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Mol Biosyst. 2013 Oct;9(10):2447-53. doi: 10.1039/c3mb70108e.

The three-dimensional context of a double helix determines the fluorescence of the internucleoside-tethered pair of fluorophores.

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The Laboratory of Molecular Imaging Probes, Department of Radiology, University of Massachusetts Medical School, Worcester, MA 01655, USA.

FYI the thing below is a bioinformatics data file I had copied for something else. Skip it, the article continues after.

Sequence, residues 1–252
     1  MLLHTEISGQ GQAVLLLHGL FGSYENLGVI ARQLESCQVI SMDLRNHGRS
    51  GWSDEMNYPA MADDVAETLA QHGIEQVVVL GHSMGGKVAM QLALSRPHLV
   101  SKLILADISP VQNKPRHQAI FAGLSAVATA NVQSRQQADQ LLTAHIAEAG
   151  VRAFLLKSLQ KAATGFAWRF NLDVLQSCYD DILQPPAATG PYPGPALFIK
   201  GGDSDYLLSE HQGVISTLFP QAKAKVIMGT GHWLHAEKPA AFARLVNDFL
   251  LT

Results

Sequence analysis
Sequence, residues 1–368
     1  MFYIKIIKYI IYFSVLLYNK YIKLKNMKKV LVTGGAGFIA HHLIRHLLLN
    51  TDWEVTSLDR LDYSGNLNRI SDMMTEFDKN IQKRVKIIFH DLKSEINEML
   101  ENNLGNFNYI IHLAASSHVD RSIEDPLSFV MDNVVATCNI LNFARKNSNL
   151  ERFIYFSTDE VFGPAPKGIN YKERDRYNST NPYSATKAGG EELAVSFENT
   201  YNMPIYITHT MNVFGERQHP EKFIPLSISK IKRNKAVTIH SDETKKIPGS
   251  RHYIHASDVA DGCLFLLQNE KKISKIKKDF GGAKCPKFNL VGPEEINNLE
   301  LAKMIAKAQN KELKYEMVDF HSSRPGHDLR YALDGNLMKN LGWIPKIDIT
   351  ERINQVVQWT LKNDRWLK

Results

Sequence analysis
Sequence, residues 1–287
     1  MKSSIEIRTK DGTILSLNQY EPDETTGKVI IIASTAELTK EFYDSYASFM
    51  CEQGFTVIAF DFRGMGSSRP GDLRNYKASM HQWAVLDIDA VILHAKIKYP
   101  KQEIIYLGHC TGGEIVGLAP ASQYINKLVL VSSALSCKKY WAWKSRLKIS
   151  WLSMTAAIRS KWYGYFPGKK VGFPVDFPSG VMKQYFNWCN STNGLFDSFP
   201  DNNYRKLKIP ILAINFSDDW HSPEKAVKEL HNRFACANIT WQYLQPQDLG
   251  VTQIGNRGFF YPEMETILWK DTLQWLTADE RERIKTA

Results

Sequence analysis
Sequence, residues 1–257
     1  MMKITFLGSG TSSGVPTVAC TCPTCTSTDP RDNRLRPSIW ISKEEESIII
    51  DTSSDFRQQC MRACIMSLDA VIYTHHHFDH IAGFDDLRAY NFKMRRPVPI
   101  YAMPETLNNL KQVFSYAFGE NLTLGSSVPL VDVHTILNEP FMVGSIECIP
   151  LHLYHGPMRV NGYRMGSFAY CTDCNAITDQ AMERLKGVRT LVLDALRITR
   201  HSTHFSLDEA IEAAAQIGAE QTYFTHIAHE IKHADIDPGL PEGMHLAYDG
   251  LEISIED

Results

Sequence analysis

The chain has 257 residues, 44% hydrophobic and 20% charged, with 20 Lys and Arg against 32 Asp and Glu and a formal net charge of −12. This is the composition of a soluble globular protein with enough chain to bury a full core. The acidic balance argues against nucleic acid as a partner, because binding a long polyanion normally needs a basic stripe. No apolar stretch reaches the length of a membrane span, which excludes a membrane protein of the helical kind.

We report a general phenomenon of the formation of either a fluorescent or an entirely quenched oligodeoxynucleotide (ODN) duplex system by hybridizing pairs of complementary ODNs with identical chemical composition. The ODNs carried internucleoside tether-linked cyanines, where the cyanines were chosen to form a Förster's resonance energy transfer (FRET) donor-acceptor pair. The fluorescent and quenched ODN duplex systems differed only in that the cyanines linked to the respective ODNs were linked either closer to the 5'- or 3'-ends of the molecule. In either case, however, the dyes were separated by an identical number (7 or 8) of base pairs. Characterization by molecular modeling and energy minimization using a conformational search algorithm in a molecular operating environment (MOE) revealed that linking of the dyes closer to the 5'-ends resulted in their reciprocal orientation across the major groove which allowed a closely interacting dye pair to be formed. This overlap between the donor and acceptor dye molecules resulted in changes in absorbance spectra consistent with the formation of H-aggregates. Conversely, dyes linked closer to 3'-ends exhibited emissive FRET and formed a pair of dyes that interacted with the DNA helix only weakly. Induced CD spectra analysis suggested that interaction with the double helix was weaker than in the case of the closely interacting cyanine dye pair. Linking the dyes such that the base pair separation was 10 or 0 favored energy transfer with subsequent acceptor emission. Our results suggest that when interpreting FRET measurements from nucleic acids, the use of a "spectroscopic ruler" principle which takes into account the 3D helical context of the double helix will allow more accurate interpretation of fluorescence emission.

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